TalkOrigins explains that Paul Lemoine believed in descent with modification, and so, like Michael Behe presumably, was only referring to a theory about actual evolutionary mechanism, not to the theory that some sort of change over time occurred.  Of course, so rendered, such a theory devoid of mechanism doesn't fit with the umbrage taken over describing neo-Darwinism as "just a theory."

For the sole purpose of false economy of explanation, if there is some evidence of change over time, that is, a presumed relationship of organism A at time X and organism B at time Y, it is presumed that NaturalSelectionDidIt, and any diachronic difference between otherwise similar organisms becomes prima facie evidence of the power of natural selection.

Consider Dr. Paul Nelson's 1995 recollection of an exchange with ardent neo-Darwinist Kenneth Miller (the guy with the mouse-trap tie-clip).
The critical question is one of mechanism. Is it possible for mammals to vary sufficiently for - to take the case of whales - their skulls to be completely remodelled, so that the nostrils (nares) move all the way up to the top of the head? (Indeed, all the other cranial bones must change their size and shape as well.) If not, we're looking at an apparent, not actual, continuum. The designed forms are transformationally discrete, with independent histories. 
That's what I said to Ken, as he was putting away his slides. He replied, "Yeah, Paul, I know, with you it's always 'mechanism, mechanism, mechanism.' But there's more to it than that." 
What the "more" is ain't clear to me.
It isn't clear to a lot of us.  Especially after Eugenie Scott's highly publicized "theometer" comments and the desperate, desperate plea for a mechanism for intelligent design.  Tu quoque?

Back to Prof. James M. Tour:
Although most scientists leave few stones unturned in their quest to discern mechanisms before wholeheartedly accepting them, when it comes to the often gross extrapolations between observations and conclusions on macroevolution, scientists, it seems to me, permit unhealthy leeway. When hearing such extrapolations in the academy, when will we cry out, “The emperor has no clothes!”?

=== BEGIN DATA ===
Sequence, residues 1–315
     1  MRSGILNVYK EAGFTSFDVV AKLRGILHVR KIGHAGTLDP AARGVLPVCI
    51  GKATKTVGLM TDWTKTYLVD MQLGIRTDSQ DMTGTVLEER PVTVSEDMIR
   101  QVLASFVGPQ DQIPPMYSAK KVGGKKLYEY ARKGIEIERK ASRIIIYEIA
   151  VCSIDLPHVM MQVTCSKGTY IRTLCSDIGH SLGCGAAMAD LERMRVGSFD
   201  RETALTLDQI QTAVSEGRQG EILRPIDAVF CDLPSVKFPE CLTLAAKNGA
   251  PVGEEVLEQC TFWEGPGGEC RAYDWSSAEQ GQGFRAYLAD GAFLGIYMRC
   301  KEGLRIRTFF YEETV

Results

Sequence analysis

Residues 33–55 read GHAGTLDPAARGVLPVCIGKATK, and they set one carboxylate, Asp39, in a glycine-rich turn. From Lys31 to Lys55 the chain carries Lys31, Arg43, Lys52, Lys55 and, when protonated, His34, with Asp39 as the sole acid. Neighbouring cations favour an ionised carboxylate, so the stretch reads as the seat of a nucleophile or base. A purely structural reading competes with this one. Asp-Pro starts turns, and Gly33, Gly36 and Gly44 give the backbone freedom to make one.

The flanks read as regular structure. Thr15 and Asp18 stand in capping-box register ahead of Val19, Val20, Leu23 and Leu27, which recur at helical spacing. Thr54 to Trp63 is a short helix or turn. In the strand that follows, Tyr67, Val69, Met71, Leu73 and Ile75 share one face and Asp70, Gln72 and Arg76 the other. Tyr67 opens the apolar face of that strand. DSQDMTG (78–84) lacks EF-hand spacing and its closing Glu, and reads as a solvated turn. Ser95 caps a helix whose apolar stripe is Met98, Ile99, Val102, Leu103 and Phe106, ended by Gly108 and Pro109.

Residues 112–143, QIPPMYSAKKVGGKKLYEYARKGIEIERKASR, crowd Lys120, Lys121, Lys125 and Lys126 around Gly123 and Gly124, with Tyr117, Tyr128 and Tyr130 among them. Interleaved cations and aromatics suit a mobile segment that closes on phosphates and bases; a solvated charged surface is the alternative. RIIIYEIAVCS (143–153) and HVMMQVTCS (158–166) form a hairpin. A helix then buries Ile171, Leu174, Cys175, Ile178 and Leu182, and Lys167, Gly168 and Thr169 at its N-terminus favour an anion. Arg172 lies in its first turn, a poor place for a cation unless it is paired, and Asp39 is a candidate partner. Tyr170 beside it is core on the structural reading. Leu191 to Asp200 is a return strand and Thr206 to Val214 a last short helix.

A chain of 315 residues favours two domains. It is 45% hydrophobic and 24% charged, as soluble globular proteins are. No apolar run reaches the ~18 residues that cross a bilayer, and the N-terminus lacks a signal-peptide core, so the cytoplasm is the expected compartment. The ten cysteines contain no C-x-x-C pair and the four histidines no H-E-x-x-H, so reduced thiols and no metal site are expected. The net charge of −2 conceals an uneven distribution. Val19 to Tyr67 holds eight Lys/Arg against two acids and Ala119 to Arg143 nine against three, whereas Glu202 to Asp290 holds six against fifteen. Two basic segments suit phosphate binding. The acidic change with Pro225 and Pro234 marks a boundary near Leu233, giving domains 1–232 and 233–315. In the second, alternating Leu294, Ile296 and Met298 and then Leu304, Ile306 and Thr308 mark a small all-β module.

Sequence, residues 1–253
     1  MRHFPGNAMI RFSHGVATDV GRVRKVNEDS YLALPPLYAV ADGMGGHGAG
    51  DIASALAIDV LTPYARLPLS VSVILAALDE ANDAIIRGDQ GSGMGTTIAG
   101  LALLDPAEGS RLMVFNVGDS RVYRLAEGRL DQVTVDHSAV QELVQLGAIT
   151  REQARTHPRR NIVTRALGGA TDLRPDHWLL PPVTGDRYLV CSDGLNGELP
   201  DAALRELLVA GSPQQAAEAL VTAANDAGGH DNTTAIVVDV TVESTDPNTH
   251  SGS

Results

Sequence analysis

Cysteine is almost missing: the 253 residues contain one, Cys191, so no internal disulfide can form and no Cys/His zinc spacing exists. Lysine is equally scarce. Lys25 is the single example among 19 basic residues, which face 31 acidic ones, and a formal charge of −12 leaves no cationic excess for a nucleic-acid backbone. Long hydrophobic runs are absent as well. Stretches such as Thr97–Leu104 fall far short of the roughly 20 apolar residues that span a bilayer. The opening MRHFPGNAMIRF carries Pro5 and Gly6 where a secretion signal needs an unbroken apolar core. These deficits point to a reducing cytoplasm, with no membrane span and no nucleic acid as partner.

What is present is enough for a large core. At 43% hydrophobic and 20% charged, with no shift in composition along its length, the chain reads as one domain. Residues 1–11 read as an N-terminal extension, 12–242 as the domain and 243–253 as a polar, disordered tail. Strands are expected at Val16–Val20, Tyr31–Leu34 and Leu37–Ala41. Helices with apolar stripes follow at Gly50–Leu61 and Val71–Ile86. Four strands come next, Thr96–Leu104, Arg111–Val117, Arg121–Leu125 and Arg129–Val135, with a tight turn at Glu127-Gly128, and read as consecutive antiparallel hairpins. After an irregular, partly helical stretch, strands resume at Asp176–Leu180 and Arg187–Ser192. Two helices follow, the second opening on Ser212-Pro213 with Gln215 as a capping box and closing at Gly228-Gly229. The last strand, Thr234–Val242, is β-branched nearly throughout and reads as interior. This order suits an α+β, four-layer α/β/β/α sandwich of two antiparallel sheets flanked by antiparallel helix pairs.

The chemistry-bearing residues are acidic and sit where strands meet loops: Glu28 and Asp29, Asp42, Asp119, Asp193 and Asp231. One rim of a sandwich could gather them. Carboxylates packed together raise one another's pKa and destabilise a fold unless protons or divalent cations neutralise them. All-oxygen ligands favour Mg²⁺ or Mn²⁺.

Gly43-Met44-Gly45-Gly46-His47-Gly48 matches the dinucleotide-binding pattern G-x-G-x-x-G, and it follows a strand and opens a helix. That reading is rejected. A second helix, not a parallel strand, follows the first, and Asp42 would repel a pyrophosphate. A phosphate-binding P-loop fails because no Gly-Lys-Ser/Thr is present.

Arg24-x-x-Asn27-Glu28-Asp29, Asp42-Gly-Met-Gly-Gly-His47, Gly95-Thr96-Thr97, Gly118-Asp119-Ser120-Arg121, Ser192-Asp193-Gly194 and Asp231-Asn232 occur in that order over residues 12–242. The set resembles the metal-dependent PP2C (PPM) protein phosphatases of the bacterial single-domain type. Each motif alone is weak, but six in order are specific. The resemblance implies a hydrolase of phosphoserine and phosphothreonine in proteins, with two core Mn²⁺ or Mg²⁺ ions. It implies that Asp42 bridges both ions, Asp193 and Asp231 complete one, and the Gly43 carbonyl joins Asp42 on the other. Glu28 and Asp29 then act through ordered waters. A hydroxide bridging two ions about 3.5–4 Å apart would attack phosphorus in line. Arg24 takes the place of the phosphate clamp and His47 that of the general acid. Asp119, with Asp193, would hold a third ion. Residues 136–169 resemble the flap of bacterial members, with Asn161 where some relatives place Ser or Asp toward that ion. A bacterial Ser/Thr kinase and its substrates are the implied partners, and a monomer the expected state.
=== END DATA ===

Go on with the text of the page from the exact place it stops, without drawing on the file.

…I simply do not understand, chemically, how macroevolution could have happened. Hence, am I not free to join the ranks of the skeptical and to sign such a statement without reprisals from those that disagree with me? … Does anyone understand the chemical details behind macroevolution? If so, I would like to sit with that person and be taught, so I invite them to meet with me.
How about Dr. Robert Hazen?  Dr. Hazen co-ao-authored an article with Dr. Jack Szostak on "Functional Information" which had a formula that reminds me wuite a bit of some of Dr. William Dembski's formulas.  Dr. Hazen states:
A fundamental law of nature, the law describing the emergence of complex ordered systems (including every living cell), is missing from our textbooks. 1
Why do Robert Hazen and Stuart Kaufman and so many others think we need to specify another fundamental law of nature when we have a perfectly adequate, fully specified mechanism in NaturalSelectionDidIt?

No comments:

Post a Comment